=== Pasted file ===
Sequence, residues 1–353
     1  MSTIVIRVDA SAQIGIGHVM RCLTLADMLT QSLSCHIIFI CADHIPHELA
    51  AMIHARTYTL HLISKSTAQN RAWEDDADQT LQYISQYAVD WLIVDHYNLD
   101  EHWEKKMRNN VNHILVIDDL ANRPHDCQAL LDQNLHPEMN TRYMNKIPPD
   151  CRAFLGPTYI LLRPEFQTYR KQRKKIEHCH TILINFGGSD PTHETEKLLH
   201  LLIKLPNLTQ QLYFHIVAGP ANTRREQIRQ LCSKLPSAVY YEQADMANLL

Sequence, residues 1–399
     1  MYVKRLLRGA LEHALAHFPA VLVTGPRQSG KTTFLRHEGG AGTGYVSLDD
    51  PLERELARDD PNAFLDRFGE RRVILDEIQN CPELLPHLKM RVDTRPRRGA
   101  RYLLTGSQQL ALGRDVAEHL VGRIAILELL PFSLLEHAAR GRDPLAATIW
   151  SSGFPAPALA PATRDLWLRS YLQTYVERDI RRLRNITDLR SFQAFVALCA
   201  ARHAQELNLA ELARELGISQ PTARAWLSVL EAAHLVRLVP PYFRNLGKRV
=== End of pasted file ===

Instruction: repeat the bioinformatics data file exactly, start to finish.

Sequence, residues 1–353
     1  MSTIVIRVDA SAQIGIGHVM RCLTLADMLT QSLSCHIIFI CADHIPHELA
    51  AMIHARTYTL HLISKSTAQN RAWEDDADQT LQYISQYAVD WLIVDHYNLD
   101  EHWEKKMRNN VNHILVIDDL ANRPHDCQAL LDQNLHPEMN TRYMNKIPPD
   151  CRAFLGPTYI LLRPEFQTYR KQRKKIEHCH TILINFGGSD PTHETEKLLH
   201  LLIKLPNLTQ QLYFHIVAGP ANTRREQIRQ LCSKLPSAVY YEQADMANLL

Sequence, residues 1–399
     1  MYVKRLLRGA LEHALAHFPA VLVTGPRQSG KTTFLRHEGG AGTGYVSLDD
    51  PLERELARDD PNAFLDRFGE RRVILDEIQN CPELLPHLKM RVDTRPRRGA
   101  RYLLTGSQQL ALGRDVAEHL VGRIAILELL PFSLLEHAAR GRDPLAATIW
   151  SSGFPAPALA PATRDLWLRS YLQTYVERDI RRLRNITDLR SFQAFVALCA
   201  ARHAQELNLA ELARELGISQ PTARAWLSVL EAAHLVRLVP PYFRNLGKRV